trail mix/energy food for someone with nut allergies
February 27, 2015 10:19 AM   Subscribe

I recently developed pretty severe allergies to most nuts. Trail mix used to be a huge part of my life even just snacking thru the day but especially while hiking/camping/climbing. I need alternatives that still give me that trail mix boost, and preferably still with a mix of salty/sweet taste and similar texture. Or even just OTHER snacking ideas entirely (that aren't just Clif Bars). More dietary info/restrictions/preferences below the cut.

There are a lot of nuts that are completely out of bounds that I've been tested for and results have been bad. Peanuts, almonds, pecans, hazelnuts, cashews. I don't know about walnuts, pistachios, brazil or pine nuts, but I'm honestly a little afraid to try. So I guess, ultimately, I'm hoping to find options that don't include nuts at all.

Current ideas for sweet include: chocolate/yogurt covered fruits (raisins, blueberries etc.), chocolate chips/plain m&ms

Current salty ideas: pretzels, sunflower seeds

Are there any other foods for texture you reccommend? Or any flavorings?

Aside from trail mix, what other energy-dense food do you eat? The nuts thing disqualifies nearly all candy/energy bar options, and to be honest bars don't usually satisfy me much anyway.

I've been doing things like jerky and bought some epic bison bars. I have also made my own dried fruit things but those feel like they're mostly for flavor.

What are your favorite go-to's that don't include nuts?
posted by nogoodverybad to Food & Drink (22 answers total) 12 users marked this as a favorite
Sesame sticks, rice crackers, banana chips, roasted chickpeas.
posted by Juliet Banana at 10:25 AM on February 27, 2015 [1 favorite]

What about salted soybeans? Wasabi peas?
posted by cabbagesnkings at 10:27 AM on February 27, 2015

There are all kinds of roasted edamame out there. Wasabi or sriracha peas are also really tasty with the sweetness of dried fruit.
posted by annaramma at 10:27 AM on February 27, 2015

Pumpkin seeds! They've got that nut-like crunch.
posted by mareli at 10:27 AM on February 27, 2015 [3 favorites]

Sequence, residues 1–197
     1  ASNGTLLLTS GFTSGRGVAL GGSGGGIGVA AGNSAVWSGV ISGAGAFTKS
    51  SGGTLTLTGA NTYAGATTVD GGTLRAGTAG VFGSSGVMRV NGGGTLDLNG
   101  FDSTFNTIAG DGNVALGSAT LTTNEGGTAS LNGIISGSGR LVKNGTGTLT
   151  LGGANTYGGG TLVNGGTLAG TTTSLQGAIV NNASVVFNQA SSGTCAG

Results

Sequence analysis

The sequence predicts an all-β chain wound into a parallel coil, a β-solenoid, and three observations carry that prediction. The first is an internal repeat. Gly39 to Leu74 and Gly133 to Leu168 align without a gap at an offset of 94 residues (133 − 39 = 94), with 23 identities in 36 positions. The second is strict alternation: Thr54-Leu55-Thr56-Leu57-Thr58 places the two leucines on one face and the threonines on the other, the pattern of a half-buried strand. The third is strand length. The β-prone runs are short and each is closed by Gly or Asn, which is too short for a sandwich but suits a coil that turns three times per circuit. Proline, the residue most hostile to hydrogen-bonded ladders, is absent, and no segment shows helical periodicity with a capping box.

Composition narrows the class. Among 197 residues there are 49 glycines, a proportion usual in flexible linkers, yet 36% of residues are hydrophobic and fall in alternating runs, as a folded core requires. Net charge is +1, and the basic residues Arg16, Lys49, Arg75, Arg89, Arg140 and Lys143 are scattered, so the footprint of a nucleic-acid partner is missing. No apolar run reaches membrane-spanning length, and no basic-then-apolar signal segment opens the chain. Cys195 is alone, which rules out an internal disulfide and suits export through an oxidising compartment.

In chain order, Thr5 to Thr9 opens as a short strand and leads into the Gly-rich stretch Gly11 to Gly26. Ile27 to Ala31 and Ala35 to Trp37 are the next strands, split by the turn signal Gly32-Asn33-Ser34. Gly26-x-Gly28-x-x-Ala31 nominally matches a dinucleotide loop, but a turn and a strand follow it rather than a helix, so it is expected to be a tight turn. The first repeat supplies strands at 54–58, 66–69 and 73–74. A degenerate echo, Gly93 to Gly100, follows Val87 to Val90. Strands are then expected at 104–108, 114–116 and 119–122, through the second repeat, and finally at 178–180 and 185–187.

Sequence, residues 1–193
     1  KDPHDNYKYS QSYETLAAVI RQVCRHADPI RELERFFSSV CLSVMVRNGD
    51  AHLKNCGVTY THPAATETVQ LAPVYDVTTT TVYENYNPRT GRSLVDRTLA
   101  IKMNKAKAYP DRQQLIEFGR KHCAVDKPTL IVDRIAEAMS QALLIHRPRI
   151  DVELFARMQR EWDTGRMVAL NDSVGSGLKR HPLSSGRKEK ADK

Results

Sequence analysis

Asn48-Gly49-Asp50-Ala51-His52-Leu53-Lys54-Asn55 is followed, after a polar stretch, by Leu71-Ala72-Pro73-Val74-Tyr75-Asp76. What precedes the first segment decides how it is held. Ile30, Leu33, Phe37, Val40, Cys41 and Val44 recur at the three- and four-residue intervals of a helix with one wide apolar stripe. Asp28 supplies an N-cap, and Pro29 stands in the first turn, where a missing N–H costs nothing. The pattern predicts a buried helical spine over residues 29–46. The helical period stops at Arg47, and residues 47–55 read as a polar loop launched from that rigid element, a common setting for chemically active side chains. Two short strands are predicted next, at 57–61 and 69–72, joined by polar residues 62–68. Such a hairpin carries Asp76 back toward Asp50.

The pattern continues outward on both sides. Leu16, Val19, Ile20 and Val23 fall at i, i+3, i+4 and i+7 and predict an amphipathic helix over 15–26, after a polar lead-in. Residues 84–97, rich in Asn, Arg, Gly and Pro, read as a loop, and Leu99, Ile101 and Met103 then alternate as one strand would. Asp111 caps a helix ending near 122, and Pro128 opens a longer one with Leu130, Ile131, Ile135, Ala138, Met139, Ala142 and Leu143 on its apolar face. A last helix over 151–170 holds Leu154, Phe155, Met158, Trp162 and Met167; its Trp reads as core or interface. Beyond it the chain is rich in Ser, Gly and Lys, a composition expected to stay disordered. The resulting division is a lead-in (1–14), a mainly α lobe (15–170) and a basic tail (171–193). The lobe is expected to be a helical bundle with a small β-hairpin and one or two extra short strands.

Chia seeds. Here's a recipe for a Chia Seed Energy Bar.
posted by slipthought at 10:41 AM on February 27, 2015

Pumpkin seeds/pepitas and homemade granola clusters that you can add chia and sesame seeds to in addition to a healthy oil like coconut or avocado. For me, the beauty of nuts is the combo of protein and fat. Seeds will give you both and some whole grains plus a healthy oil will round it out.
posted by quince at 10:47 AM on February 27, 2015 [1 favorite]

these flavored dried ramen snacks!

They're delicious and filling with each bag at ~400 calories. Super light, and you can throw them in your pack without worrying since you're supposed to break it into pieces before eating. It comes in a variety flavors but I found the bulgogi one is pretty nicely salty with a little bit of sweet.
posted by blueberrypuffin at 10:48 AM on February 27, 2015 [1 favorite]

Pumpkin Seeds, corn nuts, rye chips, DIY chex mix.

Pine nuts aren't nuts, they are seeds, so you should be okay to try them. They make me violently ill, but I don't have a nut allergy at all.
posted by soelo at 10:54 AM on February 27, 2015 [1 favorite]

Popcorn with mix-ins (go crazy here)
Cheerios and raisins
Cheese and crackers!
Messier, but when I couldn't eat anything for REASONS I used to mash up sardines with salt and pepper and eat on crackers.
posted by chocotaco at 10:56 AM on February 27, 2015 [1 favorite]

also coconut. brings some sweet and some healthy fats.
posted by acm at 11:11 AM on February 27, 2015 [1 favorite]

Barbeque peas or one of their many flavors
Crunchy chickpeas also with many flavors
Raisin Rosemary Crackers yummy with cheese
Honey roasted sesame sticks which can also be found in your health food bulk section
posted by biscuits at 11:15 AM on February 27, 2015